First edition. Written and collected before the author’s death in 1957 and compiled and edited by his daughter, Jannetta K. Robinson. Farmington, located on the Wasatch Front, began when Mormon herder Hector C. Haight wintered cattle in its grassy lowlands in 1847-1848. For most of the first century of its operation, it remained an agricultural community, with farmers specializing in hay, grain, livestock, and dairy herds. In the early days, cooperative herds and tanneries were an important component of the town’s economy. $25.00
3003. KOFALK, Harriet. No Woman Tenderfoot: Florence Merriam Bailey, Pioneer Naturalist. College Station: Texas A&M University Press, . xix  225  pp., photographic illustrations, map. 8vo, original violet cloth, spine gilt-lettered. Fine in d.j.
First edition. Bailey (1863-1948) was a fine naturalist in both the scientific and “romantic” traditions and wrote several important books on Western birds, perhaps the most colorful title being A-Birding on a Bronco (1896); she preceded Ludlow Griscom in calling for the use of binoculars instead of shotguns when birding. She was the first woman ever elected a fellow of the American Ornithologists’ Union, and in its myriad editions her Handbook of Birds of the Western United States has been a standard work for many decades. Bailey’s primary working field was the West (including Texas and New Mexico), and ranches often were the outposts away from civilization that enabled her research. Among the ranches she visited were Yeddar’s Ranch on Green River; Palette’s Ranch on the Inmaha River; Cuttle Fish Ranch in the Dakota Bad Lands; etc. “Florence Merriam Bailey is an important link to the twentieth century and the world in which Rachel Carson developed her career. She was the premier naturalist writer and organizer of her time and well-connected through her brother to the male-dominated world of science and Washington policy” (Robert K. Musil, Rachel Carson and Her Sisters: Extraordinary Women Who Have Shaped America’s Environment, Rutgers University, 2014). $20.00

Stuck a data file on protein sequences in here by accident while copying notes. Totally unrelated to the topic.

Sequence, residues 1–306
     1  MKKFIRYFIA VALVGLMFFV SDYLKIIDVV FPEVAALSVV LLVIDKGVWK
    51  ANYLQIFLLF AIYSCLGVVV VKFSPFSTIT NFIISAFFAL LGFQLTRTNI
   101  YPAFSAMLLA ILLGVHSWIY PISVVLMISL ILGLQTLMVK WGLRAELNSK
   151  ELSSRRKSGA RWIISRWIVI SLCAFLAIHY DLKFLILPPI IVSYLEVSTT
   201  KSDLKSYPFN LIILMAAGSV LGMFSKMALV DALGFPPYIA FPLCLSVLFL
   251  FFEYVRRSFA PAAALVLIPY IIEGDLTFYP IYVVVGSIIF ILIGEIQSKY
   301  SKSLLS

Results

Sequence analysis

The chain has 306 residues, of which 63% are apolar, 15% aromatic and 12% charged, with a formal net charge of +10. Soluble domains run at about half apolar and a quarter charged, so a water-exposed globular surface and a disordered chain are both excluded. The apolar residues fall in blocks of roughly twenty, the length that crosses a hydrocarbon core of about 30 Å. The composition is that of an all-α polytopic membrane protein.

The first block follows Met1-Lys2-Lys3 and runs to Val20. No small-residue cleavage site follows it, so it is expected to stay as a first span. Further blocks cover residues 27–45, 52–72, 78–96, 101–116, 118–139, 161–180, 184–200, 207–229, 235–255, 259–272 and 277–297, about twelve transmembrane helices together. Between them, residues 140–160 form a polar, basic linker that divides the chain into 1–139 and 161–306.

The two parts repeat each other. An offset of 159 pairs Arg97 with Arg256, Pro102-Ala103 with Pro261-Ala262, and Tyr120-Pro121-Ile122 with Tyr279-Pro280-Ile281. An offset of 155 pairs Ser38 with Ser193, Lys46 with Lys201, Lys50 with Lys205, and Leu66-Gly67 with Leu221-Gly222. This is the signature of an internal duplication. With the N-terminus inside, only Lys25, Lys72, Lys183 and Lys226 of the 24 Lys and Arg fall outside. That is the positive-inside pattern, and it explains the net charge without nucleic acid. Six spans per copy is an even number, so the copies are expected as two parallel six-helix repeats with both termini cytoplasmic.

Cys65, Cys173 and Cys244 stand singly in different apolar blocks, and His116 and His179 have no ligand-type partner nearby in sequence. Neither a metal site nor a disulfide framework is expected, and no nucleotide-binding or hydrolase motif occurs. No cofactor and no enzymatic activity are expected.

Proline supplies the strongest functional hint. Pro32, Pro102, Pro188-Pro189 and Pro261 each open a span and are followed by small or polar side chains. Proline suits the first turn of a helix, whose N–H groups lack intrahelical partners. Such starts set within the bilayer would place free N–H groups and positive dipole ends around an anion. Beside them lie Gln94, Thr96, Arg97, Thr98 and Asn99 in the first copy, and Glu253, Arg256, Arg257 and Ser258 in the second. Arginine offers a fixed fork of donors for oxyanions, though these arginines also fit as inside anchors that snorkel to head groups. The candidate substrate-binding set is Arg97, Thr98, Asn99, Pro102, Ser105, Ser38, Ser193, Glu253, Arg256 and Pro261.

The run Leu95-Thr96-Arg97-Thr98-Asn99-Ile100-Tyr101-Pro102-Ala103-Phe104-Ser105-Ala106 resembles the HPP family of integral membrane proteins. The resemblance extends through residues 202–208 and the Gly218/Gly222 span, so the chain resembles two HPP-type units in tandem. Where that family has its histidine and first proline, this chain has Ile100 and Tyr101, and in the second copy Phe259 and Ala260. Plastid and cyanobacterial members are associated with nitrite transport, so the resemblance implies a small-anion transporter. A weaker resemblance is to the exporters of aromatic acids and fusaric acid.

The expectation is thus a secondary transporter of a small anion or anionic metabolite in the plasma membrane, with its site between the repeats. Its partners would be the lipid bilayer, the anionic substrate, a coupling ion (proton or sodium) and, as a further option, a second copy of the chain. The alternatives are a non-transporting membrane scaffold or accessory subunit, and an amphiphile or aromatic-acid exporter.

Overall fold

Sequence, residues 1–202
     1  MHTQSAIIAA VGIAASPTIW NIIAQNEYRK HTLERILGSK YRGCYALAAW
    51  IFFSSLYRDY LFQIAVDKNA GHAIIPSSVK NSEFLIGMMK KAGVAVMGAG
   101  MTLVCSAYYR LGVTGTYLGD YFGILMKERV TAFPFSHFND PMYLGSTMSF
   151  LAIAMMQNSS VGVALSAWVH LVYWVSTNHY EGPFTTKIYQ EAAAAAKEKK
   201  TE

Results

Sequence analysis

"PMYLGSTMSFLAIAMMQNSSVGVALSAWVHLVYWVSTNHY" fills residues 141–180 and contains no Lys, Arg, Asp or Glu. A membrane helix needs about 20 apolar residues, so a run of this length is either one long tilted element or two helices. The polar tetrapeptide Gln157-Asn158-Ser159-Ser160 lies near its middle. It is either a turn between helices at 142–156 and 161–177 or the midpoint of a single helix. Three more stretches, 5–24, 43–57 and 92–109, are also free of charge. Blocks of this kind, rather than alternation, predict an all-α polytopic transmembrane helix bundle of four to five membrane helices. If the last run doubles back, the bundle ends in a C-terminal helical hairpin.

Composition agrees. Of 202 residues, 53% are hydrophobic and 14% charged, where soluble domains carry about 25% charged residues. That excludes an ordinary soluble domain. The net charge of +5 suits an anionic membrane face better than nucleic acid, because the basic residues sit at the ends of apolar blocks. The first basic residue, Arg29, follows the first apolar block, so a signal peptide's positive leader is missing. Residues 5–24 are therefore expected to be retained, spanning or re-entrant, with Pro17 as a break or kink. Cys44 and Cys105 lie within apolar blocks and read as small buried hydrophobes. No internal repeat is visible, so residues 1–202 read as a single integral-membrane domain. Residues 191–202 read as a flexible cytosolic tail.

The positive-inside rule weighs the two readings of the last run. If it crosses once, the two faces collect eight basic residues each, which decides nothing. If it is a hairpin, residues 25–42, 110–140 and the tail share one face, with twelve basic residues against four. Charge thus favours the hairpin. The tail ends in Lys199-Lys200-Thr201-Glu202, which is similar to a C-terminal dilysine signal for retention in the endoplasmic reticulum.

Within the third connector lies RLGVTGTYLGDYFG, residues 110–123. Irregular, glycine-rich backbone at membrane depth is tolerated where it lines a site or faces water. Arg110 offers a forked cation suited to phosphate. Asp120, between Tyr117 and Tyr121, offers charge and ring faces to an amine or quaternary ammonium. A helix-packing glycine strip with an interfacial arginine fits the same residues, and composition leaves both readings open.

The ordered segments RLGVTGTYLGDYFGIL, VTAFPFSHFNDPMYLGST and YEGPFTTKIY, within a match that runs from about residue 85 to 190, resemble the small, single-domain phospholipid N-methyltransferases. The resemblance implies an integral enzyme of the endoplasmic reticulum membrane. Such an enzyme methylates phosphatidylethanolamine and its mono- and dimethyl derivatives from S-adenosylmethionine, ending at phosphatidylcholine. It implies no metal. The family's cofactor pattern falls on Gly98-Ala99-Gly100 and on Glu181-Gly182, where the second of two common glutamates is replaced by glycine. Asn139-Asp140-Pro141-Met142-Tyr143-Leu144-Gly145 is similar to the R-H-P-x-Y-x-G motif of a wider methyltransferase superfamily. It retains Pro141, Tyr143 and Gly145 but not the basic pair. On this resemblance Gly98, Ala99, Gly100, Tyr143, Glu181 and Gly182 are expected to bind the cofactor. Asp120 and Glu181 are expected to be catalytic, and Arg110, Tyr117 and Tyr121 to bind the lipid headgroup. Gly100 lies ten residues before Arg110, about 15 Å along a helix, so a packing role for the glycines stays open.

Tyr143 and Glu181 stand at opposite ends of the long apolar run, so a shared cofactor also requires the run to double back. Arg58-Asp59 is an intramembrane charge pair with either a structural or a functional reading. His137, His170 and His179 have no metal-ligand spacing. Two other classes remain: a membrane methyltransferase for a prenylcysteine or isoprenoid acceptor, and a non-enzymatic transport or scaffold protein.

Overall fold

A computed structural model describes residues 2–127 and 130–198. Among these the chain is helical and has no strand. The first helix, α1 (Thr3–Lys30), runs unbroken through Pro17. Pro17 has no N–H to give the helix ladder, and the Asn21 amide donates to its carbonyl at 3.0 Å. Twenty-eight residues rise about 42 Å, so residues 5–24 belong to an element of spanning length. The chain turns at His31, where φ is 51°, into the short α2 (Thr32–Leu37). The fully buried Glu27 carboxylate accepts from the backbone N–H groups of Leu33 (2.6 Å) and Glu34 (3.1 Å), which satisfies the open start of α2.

3004. KOHL, Edith Eudora. Land of the Burnt Thigh. New York & London: Funk & Wagnalls, 1938. x  296 pp., drawings by Stephen J. Voorhies. 8vo, original brown cloth. Poor ex-library copy.